What ails the American economy? Surely theGreat Recession – the cyclical contraction thatbegan in December 2007 and bottomed out inJune 2009 – continues to weigh on the UnitedStates. But ample evidence now points to aseries of structural changes that began wellbefore the Great Recession and threaten toundermine the long-term competitiveness ofthe U.S.Given these circumstances, Harvard BusinessSchool recently launched a multi-year projecton U.S. competitiveness, which aims to layout facts and realities of international compe-tition and implications for the U.S. in anonpartisan way. The School brings to thepublic discourse a number of assets, includingits network of more than 78,000 alumni wholive and conduct business around the world.In October 2011, nearly 10,000 of thosealumni completed an in-depth survey on U.S.competitiveness. The survey provides Ameri-cans, for the ﬁrst time, with judgments anddata from a broad group of central actors inthe global economy. The survey gathers notonly opinions but also actual experience withcorporate decisions on where to locatebusiness activities.This report summarizes the survey’s mostimportant ﬁndings. The March 2012 issue of
Harvard Business Review
will present analysesof critical areas that drive U.S. competitive-ness as well as action agendas for restoringAmerica’s economic vitality.The survey results provide strong evidence thatthe United States faces a deepening competi-tiveness problem. A large majority of surveyrespondents, 71%, expect U.S. competitive-ness to decline over the next three years, withworkers’ living standards under greaterpressure than ﬁrms’ success. Pessimism aboutU.S. competitiveness was widely shared.Respondents in their prime decision-makingyears, those in the manufacturing sector,those in the U.S., and those whose own ﬁrmsare exposed to international competition wereless hopeful than others.During the past year, more than 1,700respondents were personally involved indecisions about whether to place businessactivities and jobs in the U.S. or elsewhere.In these choices, the United States competedwith virtually the entire world and fared poorly,losing two-thirds of the decisions that wereresolved. Facilities involving large numbers ofjobs, high-end work, and groups of activitieslocated together moved out of the U.S. muchfaster than they moved in.The survey ﬁndings help us pinpoint wherethe roots of the competitiveness problem lie.Respondents saw the underlying businessenvironment in America as still strong incritical areas, but not keeping pace with othereconomies, especially emerging economies.They perceived the greatest current oremerging weaknesses to be in America’s taxcode, political system, K-12 educationsystem, macroeconomic policies, legalframework, regulations, infrastructure, andworkforce skills.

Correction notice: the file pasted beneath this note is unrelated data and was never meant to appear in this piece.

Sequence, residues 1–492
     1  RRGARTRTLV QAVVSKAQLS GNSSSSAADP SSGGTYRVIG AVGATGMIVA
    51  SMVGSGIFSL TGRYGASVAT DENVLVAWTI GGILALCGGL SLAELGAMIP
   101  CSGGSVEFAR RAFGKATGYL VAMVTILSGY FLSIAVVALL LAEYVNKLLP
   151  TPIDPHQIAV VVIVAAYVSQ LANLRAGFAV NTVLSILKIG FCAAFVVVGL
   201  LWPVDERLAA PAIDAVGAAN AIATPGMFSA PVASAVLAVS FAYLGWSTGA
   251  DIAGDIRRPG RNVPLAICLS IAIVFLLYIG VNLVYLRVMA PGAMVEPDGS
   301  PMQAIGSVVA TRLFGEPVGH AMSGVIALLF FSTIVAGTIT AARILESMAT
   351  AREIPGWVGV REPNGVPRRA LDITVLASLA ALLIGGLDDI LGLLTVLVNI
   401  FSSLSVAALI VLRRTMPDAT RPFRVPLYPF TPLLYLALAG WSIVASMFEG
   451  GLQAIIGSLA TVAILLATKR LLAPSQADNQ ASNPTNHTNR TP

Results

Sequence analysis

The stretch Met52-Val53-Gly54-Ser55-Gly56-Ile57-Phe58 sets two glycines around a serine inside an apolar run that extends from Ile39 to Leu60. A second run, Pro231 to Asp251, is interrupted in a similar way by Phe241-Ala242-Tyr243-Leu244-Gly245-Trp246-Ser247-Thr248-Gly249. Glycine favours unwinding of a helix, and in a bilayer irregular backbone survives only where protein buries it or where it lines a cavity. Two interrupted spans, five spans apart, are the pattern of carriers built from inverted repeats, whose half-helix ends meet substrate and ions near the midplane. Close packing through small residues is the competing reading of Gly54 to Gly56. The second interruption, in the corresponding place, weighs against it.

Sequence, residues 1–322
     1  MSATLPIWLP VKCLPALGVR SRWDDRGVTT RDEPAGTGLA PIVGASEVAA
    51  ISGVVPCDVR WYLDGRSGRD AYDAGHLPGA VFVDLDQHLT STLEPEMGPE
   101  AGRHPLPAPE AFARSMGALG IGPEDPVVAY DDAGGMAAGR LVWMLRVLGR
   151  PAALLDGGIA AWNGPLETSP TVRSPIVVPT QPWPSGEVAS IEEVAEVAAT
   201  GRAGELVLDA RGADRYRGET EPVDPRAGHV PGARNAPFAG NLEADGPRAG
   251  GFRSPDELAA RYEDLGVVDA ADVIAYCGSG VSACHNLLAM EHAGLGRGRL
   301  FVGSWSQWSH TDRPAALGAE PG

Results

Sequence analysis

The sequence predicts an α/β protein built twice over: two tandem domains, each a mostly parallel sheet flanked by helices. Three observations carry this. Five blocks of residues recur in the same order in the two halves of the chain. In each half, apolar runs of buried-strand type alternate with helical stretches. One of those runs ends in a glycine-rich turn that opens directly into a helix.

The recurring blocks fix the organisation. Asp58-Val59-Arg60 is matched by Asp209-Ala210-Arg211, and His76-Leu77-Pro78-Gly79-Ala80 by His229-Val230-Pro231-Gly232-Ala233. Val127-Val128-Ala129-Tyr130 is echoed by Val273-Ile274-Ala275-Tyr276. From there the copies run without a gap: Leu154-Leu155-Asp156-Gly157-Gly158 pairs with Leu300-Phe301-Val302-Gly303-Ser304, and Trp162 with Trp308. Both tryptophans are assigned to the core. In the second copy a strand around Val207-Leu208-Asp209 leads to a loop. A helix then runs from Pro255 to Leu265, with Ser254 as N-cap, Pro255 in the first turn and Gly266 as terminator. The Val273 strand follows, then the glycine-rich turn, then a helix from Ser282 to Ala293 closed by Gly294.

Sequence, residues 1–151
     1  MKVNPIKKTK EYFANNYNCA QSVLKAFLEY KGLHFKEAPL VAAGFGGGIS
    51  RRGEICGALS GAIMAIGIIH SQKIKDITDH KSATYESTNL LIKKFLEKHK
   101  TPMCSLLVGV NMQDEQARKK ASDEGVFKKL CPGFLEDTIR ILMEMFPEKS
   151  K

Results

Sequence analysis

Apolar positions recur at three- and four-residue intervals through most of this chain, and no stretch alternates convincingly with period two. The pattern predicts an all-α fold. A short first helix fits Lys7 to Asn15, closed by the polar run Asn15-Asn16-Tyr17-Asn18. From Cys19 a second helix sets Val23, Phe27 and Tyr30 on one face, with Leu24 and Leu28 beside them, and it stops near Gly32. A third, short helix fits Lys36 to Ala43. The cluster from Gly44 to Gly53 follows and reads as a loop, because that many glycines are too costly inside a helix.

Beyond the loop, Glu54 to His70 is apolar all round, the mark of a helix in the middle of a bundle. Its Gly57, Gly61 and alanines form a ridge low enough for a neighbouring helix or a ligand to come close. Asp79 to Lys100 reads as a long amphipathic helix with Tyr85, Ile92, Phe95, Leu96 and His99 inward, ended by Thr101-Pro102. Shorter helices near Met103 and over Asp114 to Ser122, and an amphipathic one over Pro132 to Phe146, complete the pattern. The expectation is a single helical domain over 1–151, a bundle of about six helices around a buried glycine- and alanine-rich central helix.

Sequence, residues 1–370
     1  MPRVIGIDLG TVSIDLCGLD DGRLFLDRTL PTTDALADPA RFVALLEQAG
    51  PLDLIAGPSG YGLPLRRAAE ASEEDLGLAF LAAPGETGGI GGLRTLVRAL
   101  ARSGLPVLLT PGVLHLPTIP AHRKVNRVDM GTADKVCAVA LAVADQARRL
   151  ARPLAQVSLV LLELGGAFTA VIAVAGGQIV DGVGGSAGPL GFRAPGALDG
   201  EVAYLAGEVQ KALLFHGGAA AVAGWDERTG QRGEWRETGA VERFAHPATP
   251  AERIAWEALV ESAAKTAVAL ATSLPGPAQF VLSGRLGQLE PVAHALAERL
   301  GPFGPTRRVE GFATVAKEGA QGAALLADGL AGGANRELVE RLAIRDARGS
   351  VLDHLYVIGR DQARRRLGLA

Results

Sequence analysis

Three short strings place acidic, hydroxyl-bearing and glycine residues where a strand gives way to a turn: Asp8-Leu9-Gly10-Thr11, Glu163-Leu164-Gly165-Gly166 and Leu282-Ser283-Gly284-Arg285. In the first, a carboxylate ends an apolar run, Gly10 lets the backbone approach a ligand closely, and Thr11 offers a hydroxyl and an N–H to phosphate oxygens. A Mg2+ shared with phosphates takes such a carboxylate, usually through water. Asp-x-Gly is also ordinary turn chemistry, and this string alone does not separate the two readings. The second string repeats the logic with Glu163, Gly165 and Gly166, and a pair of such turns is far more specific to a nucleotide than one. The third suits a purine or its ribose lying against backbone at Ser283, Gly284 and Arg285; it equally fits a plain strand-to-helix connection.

HARVARD BUSINESS SCHOOL SURVEY ON U.S. COMPETITIVENESS